Every once in awhile, I play the song whose lyrics refer to “I get knocked down, but I get up again. Nothing’s ever gonna keep me down” (enjoy the link below on this) I am also reminded of the classic scene, not to mention the entire movie “Spartacus” (2nd link below). That classic scene where the Slave army under Spartacus was defeated and when the Roman General offered to spare the life to anyone who would turn Spartacus over to him instead chose to the man to stand up and say, “I’m Spartacus”! You see, they had chosen to all rise from the ashes in the quest for their freedom. You have a choice. Are you going to rise from the ashes no matter how many times it takes and fulfill YOUR destiny? Or are you going to allow others to knock you down and try to keep you down so that they can rise up at YOUR expense? The choice is yours. That is why Leadership training is so important. That is why you must continue to grow.
So what are your comments, feelings, thoughts on this topic? I would love to hear from you. Which of the 21 Laws did you find?
Not only am I a Phoenix but I am an Eagle. How about you?
Peace. Bermuda Bob
Friday March 4th 2016
- A Natural Born U.S. Citizen
- Be at least 35 years of age
- And has lived in the United States for 14 years.
Defining Moments Do Define Your Leadership Because Talent Will Never Be Enough!
There are things that have occurred in my lifetime that I choose to post on an annual basis. The air crash of Air Florida (January 13th 1982) is one of them. I am a Leadership Teacher and also a student of Leadership. A true leader must always be looking to improve and build upon that knowledge because quite clearly “Talent is Never Enough”. And it is for that reason and purpose that I re post this event for there are many of you out there who probably have never heard about this event. I ask that you read this post for the Leadership aspects and pointers that you will arrive at. You won’t be disappointed and your comments are welcome.
We all have days and we all have moments but know this, that hidden talent and treasure abounds in you and is waiting for the key moment to come forth. Your purpose that you have been placed here for knowing that one day the circumstances of life will empower the Coach to say to you to come off the bench and sidelines of Life and get in the game because the outcome depends on You! It is “being in the moment” where suddenly you realize what your “map of the world” comes to fruition. To realize that our talents and hidden talents may indeed require taking it to the supernatural. And who knew that on that day that you woke up, the calling would be called? That your Masterpiece of Life was being framed for others to take note of because that moment of time for you was NOW!
On any given day and in any given year you can be assured that it is the anniversary of something to be remembered. All too often, the only ones who remember are the ones who were impacted by the event in the first place. Such is the case regarding the crash of Air Florida Flight 90. On January 12th 1982, it was snowing in Washington DC. It really wasn’t that big of a snow storm by today’s standards but falling fast enough to cause accumulation on the wings of the plane. Top that off with the fact that the temperature dropped to 2 degrees F. The snow fall finally ended around 3pm that day and Air Florida was the first in line to take off but the pilot in his haste to get underway decided NOT to go through the de-icing process a 2nd time. Clearly his belief that all would be fine as it had so many other times lifted, prepared and directed his talents. The jet roared down the runway but struggled, as the giant beast, to gain speed and altitude. A mile away the pilot lost control of his aircraft as it stalled and plowed into and plunged over the 14th Street Bridge into the Potomac River. The jet quickly broke up and sunk but a few people managed to get out and were bobbing helplessly in the frigid cold water.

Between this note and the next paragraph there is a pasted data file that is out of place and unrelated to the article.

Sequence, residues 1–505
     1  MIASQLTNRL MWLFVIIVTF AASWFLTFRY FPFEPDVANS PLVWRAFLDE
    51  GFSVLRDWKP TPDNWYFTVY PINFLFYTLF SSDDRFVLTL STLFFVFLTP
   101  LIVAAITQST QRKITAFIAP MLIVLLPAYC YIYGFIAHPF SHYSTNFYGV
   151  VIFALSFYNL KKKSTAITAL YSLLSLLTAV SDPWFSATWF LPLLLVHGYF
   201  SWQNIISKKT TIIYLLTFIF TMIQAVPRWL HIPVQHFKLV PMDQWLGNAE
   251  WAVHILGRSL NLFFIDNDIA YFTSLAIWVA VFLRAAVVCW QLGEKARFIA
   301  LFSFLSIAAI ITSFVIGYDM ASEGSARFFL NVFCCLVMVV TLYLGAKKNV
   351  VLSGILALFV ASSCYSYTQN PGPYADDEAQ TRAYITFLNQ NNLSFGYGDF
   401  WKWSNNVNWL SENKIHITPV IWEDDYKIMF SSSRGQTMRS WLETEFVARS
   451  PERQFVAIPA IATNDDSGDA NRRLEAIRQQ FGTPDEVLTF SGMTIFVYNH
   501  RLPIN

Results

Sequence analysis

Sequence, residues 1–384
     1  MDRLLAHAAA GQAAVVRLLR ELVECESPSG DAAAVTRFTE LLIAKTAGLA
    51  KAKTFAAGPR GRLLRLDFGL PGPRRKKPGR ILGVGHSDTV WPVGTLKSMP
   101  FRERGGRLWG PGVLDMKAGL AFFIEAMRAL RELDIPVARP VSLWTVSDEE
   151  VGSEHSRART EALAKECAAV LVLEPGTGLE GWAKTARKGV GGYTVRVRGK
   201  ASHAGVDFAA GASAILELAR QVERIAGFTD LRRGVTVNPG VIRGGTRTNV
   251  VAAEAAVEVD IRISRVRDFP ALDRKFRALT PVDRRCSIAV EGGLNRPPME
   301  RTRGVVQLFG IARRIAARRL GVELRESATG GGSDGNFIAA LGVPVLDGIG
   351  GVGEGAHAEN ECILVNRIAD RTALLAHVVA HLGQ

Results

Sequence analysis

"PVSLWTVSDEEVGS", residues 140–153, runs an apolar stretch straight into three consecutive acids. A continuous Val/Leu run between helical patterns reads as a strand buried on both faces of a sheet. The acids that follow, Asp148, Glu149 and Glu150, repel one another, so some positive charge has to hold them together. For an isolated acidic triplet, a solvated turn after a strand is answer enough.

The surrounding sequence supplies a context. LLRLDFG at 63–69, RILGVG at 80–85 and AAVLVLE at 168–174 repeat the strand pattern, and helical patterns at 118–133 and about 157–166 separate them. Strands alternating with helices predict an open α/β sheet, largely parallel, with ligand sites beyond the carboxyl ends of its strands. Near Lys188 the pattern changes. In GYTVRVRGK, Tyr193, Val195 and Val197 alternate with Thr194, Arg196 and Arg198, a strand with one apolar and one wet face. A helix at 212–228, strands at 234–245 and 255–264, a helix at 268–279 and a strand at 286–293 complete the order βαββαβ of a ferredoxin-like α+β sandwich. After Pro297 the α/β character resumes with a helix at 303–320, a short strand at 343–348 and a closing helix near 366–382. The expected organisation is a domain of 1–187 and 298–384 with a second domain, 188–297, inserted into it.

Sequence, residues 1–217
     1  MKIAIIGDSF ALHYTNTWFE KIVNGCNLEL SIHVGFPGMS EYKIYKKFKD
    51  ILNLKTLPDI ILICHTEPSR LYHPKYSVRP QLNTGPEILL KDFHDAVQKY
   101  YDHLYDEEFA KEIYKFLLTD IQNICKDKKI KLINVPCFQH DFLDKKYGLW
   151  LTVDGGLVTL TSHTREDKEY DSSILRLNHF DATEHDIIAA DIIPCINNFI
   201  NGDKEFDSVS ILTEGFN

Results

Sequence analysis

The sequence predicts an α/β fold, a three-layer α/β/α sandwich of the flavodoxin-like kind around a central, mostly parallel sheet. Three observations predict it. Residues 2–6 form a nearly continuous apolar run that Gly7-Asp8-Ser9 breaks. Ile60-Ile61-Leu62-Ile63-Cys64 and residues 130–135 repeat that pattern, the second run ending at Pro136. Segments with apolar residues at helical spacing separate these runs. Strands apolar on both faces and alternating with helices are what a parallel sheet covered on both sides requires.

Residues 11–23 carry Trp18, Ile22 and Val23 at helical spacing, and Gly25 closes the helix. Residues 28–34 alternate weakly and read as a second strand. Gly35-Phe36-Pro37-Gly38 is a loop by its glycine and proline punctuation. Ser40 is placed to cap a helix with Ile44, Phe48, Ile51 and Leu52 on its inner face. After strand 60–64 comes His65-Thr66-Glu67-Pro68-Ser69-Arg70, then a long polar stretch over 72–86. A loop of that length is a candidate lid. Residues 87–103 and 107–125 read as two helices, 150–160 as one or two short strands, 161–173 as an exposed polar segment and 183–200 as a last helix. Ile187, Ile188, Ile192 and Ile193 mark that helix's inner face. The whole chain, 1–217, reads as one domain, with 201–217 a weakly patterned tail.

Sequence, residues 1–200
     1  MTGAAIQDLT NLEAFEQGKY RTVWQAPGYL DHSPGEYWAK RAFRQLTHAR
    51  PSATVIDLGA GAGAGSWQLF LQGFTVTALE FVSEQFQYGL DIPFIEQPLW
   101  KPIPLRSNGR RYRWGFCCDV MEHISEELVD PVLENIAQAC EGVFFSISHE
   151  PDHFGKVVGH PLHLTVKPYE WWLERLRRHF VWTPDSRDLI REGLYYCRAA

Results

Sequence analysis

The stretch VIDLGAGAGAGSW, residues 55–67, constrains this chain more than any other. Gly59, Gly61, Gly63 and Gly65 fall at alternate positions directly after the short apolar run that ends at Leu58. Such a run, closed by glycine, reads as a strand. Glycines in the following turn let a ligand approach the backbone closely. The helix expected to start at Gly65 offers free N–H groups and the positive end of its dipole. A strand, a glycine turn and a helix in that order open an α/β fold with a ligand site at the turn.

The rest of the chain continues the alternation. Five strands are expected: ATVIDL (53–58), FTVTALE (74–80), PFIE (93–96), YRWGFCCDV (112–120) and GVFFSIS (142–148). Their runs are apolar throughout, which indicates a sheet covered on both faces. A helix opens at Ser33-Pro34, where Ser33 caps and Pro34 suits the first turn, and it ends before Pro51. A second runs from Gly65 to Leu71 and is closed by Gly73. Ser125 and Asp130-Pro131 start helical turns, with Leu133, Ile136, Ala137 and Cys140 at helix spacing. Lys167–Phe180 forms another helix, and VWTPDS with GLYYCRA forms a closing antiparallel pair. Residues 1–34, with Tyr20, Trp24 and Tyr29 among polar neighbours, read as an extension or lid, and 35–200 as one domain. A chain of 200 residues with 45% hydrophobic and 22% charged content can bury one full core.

It was now at this point, while a helicopter had shown up trying to rescue the survivors that Lenny Skutnik (who was Lenny Skutnik? A person just like you or me who reacted to a situation) suddenly appeared and without concern for himself jumped in the water and began effecting a rescue. One of the survivors in the water, Arland Williams, a man of 50, could have immediately been saved by the helicopter but passed the harness to others several times rather than save himself. When the helicopter finally came back for him, he had gone under for the last time. A total of 78 people perished that day because talent was not enough.
So what has this got to do with Leadership you may be asking? Well in John Maxwell’s Book, “Talent Is Never Enough”, he goes on to explain that no matter how much talent you have, it requires Courage, Practice, Passion, Focus and Belief just to name a few, that hones and sharpens that talent. The Pilot who erred in his decision to make the take off without exacting safety procedures allowed his perceived talents to by pass common sense.Talent was clearly not enough on his part. I am sure that Lenny Skutnik did not wake up that morning and say, “Today, I am going to put my life on the line and rescue some people”. And the passenger who passed up rescue so that others could be rescued first, clearly not only believed that he would be rescued but focused with passion that he would. We all bring talent(s) to the table of life. But we must remember to practice, prepare, focus, believe and have passion and when the time comes for us to act, we must seize the initiative and be courageous. If you are serious about being a Leader, I wholeheartedly recommend your picking up a copy of this book because believe you me, Talent Is Not Enough!